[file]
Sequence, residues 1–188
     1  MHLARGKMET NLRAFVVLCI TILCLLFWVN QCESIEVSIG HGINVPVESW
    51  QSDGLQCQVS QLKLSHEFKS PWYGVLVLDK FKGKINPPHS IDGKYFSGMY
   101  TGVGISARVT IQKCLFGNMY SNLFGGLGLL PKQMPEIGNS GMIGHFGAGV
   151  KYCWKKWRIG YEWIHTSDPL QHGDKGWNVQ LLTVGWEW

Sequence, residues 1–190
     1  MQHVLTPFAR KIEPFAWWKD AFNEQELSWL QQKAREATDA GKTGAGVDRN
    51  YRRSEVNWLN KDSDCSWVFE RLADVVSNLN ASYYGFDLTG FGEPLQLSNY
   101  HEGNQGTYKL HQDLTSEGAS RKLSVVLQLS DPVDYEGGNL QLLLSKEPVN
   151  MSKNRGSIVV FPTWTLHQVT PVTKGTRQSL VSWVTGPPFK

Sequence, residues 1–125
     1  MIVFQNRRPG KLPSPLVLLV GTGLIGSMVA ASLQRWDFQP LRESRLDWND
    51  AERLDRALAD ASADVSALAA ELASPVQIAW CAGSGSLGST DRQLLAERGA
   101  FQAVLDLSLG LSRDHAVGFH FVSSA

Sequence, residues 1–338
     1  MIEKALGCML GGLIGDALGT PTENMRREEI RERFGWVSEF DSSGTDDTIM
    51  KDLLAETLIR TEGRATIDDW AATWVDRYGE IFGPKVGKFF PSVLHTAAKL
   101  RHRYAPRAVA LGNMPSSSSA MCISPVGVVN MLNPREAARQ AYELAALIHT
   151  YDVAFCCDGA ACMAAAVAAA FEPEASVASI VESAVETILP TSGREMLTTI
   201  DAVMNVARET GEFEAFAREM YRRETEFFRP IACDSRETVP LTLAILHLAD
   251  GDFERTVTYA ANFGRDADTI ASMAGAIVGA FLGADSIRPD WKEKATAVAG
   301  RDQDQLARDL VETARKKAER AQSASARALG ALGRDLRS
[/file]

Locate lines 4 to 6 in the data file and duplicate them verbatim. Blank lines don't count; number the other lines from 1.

   101  TGVGISARVT IQKCLFGNMY SNLFGGLGLL PKQMPEIGNS GMIGHFGAGV
   151  KYCWKKWRIG YEWIHTSDPL QHGDKGWNVQ LLTVGWEW

Sequence, residues 1–190